Rachael Ray has become one of those celebs who people love to hate, so in a sort of perverse way, I wanted to like this cookbook. I wanted Rachael Ray's Book of 10 to charm me and win me over. I figured it might fall under the category of "cookbooks to actually use" -- after all, it is billed as "more than 300 recipes to cook every day" -- rather than "cookbooks to daydream over."
I hoped it might come out on top in the way that The Pioneer Woman Cooks bested Thomas Keller in Jennifer Reese's fried chicken cookoff. Mentally I had it pitted against David Chang's Momofuku cookbook, which I've been enjoying, but I admit I'm never going to make most of the recipes in it. Of course, a reader can enjoy Chang's book, which tells the story of his development as a chef and the opening of his restaurants in a chatty, over-a-few-beers sort of way, without needing to cook any of the dishes in it.
Book of 10, on the other hand, is impossible to read for pleasure. Each recipe is introduced with a brief bit of text that functions as a kind of cheer or sales pitch for that dish and reminds you clearly of just why people dislike Rachael Ray. Lots of Yum-o and EVOO and sammies and delish! And the exclamation points! My god!
Is it my imagination, or is EVOO in practically every recipe? Is this normal? Also, in the ingredients lists, it is sometimes referred to as "Extra Virgin Olive Oil (EVOO)" and sometimes as "EVOO (Extra Virgin Olive Oil)." Okay! Got it! It was such a relief when I later picked up a Marcella Hazen cookbook to read recipes that used the product, yet remained miraculously acronym-free.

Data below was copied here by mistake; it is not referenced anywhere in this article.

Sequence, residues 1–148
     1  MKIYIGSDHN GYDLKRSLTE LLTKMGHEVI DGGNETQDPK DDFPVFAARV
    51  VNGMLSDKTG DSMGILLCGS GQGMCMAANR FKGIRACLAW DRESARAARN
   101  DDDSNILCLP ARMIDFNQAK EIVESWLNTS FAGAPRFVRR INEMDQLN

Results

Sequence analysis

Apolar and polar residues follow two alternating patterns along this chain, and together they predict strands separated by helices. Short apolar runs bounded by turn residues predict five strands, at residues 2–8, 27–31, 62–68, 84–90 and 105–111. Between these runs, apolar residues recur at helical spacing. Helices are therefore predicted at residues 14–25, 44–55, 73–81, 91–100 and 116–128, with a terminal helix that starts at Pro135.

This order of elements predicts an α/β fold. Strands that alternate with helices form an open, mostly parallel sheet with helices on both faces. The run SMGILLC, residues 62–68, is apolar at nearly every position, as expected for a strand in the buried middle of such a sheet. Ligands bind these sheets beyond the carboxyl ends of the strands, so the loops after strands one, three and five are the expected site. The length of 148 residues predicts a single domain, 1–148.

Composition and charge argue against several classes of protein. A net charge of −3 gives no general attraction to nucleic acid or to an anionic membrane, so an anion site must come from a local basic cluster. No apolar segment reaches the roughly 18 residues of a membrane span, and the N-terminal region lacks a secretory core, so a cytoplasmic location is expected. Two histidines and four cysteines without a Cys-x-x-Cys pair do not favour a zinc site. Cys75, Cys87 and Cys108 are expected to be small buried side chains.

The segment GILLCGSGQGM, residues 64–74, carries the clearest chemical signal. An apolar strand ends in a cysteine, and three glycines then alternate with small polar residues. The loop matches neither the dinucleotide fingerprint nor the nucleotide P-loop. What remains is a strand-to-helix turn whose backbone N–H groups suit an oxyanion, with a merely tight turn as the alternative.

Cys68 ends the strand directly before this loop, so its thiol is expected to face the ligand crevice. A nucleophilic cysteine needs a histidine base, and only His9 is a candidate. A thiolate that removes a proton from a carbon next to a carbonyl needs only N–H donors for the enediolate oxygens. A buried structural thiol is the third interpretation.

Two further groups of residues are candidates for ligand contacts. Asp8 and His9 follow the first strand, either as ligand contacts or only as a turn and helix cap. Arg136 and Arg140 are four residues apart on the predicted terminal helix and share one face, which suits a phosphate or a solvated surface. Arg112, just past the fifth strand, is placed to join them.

I also object to a cookbook that includes a recipe for "Angel Food Cake With Sorbet Sauce and Berries" with an ingredient list that calls for "2 store-bought Angel Food Cakes." I mean, just buy some Chips Ahoy if that's what you're up to.
Yet a lot of the recipes looked good, and I'm sure that if they were surrounded by the narratives penned by some of the better food blog writers, they would have appeared even more intriguing. So I tried to divorce the recipes from the pep rally and started cooking.
The stuffed cabbage stoup (unclear if this word is a Ray coinage or just a dearly adopted word), a cross between a stew and a soup, is for people who are too lazy to make stuffed cabbage rolls. This is not me all the time but it is me recently, so I gave it a whirl. And yes, it was a hit with the family, and I liked it too, with its discernable notes of allspice and little bursts of coriander. Visually, though, it looked like glop. When the question "What is this?" came as forks were poised over bowls, I found myself unable to call it a "stoup." I found myself reduced to describing it as: "It's something I made."
Still, the ultimate verdict was "You can make this again any time."
I was less fond of a chorizo-cod-potato stew, which turned out as not even a stoup but as a regular soup, and the recipe called for cooking times that seemed far too short. This one was again a fair hit, though.
Book of 10 contains a noteworthy number of burger recipes, made from many of the proteins -- chicken, turkey, lamb, salmon, "gyro," mushroom, pork and "meatloaf," so if you're looking for invention on the grill this summer, this book could come in handy.
Vegetarians will find one chapter devoted to their needs; vegans will want to avoid the volume. Ditto if you are either and object to being referred to as a "veg-head," (although it was probably meant to sound convivial).
In fact I will try more of these recipes, because they are generally easy to make, even after coming home from a full day at work, and because they do mostly encourage use of fresh ingredients and good spices.
As I was flipping through the front matter, though, I spied a caveat that the recipes in this book have been drawn primarily from previously published Rachael Ray cookbooks.
After reading that, I felt better about not really liking this cookbook!